- Results: incumbents (KPN, DT, BT, Telefonica, Belgacom, FT, Bell Aliant), mobile (Sprint), cablecos (Liberty Global, Telenet, Ziggo, Virgin Media, ONO, Comcast).
- Financing: Reggefiber got its desired EUR 130m loan from the EIB.
- IPO: Skype's $100m plan.
- M&A: possible buyers (Telefonica, PT, Vodafone, FT, TI) and sellers (PT, TI, Vodafone).
- FTTH: lots of deployments announced (inclusing China and India).
- NBNs and NBPs: Australia expands coverage plans to 93%, New Zealand receives 15 bids, the US awards another round of funds.
- LTE: several deployments announced.
- 4G: Clearwire moving closer to switching from WiMAX to LTE and the WiMAX2 standard gets ready for a 2012 launch.
- 1 Gbps: several MSO and telcos are now going beyond 100 Mbps, while ever more are eying 1 Gbps as the new frontier for bandwidth.
- Structural separation: proposal from Telecom NZ in order to be able to bid for the Crown Fibre plan.
- MVNO: KPN reports success with foreign MVNO operations (2G, 3G); Econet plans launch on the Everything Everywhere network (3G); Best Buy will do the same on the Clearwire network (WiMAX); Airspan is LightSquared's first wholesale customer (LTE); Tele2 NL started offering CATV on the networks of Ziggo and UPC (analogue TV); Chile considers a wholesale-only network (mobile and digital TV).
- BT was not allowed to raise wholesale prices to help stem the pension fund deficit.
- Apps: Google ended the development of Google Wave and acquired Slide; Samsung announced a developer contest.
- Net neutrality: Google and Verizon struck an agreement.
- Hybrid TV: Apple was rumoured to rework Apple TV into iTV, Cox partnered with TiVo and the Virgin UK/TiVo partnership added Cisco.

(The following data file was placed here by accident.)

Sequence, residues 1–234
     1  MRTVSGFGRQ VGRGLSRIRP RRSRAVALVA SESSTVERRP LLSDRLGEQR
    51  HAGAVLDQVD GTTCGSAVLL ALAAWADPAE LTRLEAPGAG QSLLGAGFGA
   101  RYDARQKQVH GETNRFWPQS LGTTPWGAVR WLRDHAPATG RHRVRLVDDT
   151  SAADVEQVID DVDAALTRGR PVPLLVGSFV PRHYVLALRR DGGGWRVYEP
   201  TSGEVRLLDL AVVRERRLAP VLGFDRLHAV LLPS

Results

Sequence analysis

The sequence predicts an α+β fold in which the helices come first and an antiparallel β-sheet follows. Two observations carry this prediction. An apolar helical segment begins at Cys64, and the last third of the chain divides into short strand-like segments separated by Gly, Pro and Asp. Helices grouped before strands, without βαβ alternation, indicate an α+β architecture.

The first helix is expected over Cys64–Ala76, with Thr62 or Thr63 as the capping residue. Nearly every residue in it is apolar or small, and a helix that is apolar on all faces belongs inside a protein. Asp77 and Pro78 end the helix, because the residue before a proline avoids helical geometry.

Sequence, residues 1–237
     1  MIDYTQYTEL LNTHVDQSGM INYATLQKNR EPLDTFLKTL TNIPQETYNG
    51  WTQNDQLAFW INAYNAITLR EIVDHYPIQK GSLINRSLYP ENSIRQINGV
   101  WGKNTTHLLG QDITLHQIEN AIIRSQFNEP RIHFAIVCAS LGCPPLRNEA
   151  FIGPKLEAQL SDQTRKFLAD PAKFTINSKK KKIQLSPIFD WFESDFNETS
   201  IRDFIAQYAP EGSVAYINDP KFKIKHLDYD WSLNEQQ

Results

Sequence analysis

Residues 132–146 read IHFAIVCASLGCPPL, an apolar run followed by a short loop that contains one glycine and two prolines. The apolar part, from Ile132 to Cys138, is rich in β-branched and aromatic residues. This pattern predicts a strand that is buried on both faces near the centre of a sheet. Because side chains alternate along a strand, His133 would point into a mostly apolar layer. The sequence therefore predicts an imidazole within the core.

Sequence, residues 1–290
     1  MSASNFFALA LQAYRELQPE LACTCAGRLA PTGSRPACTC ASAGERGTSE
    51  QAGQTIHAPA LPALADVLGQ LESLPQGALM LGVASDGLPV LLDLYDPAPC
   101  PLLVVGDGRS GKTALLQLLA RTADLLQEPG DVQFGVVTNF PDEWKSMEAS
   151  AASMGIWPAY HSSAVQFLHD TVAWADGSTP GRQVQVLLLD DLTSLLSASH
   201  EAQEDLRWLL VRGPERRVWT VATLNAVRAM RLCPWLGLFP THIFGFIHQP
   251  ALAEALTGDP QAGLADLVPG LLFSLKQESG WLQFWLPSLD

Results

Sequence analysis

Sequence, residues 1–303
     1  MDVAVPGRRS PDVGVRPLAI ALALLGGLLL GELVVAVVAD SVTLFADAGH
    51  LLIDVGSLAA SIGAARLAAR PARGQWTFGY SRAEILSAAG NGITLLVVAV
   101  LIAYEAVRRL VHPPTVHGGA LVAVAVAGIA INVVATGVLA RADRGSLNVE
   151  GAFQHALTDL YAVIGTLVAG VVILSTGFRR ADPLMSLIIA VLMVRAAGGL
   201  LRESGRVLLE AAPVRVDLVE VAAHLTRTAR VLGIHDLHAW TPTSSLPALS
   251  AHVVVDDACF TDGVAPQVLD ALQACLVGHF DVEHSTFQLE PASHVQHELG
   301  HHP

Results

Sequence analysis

- The focus in the sector is shifting to Wholesale and OTT; FTTH and LTE are ongoing; wholesale is established as an important new business.
- M&A is focused on emerging markets, esp. Latam.
- Many incumbent telcos are still assembling global empires in order to be able to show growth. KPN is continuing on the wholesale path for growth.
- A telecoms network can be looked at as a vital piece of national infrastructure. If structurally separated, its cash flows can be seen as a vital element of the governments budget (incl. retirement funding).
- Cablecos are outperforming telcos. If you split the business three ways, it becomes clear why. 1. Connectivity (access): Docsis 3 outperforms xDSL and provides cable with a growth engine. Utility rates are close to 80% in the Netherlands, still much higher than FTTH's. 2. Communication: a nice add-on for growth and loyalty, hitting incumbent telcos in their hearts. 3. VAS (incl. content): here cable is the incumbent and benefits from a considerable head-start on multiple fronts (network, digital services, content deals). The foremost risks include FTTH and non-linear TV/hybrid TV/OTT.
- NGNs (FTTH, LTE) are exploring their advantages: 1. Maximum symmetrical bandwidth. 2. Lowest opex, highest score on the green scale. 3. Options for open access and wholesale.
- OTT is a complex and uncertain field, but hybrid TV seems to be a promising direction.
Final conclusion: while areas such as Latam may provide telcos with some more growth, wholesaling (open access) appears to be the way to maximise the value of a network. FTTH and LTE carry the lowest possible technology risk. OTT is a promising but complex development.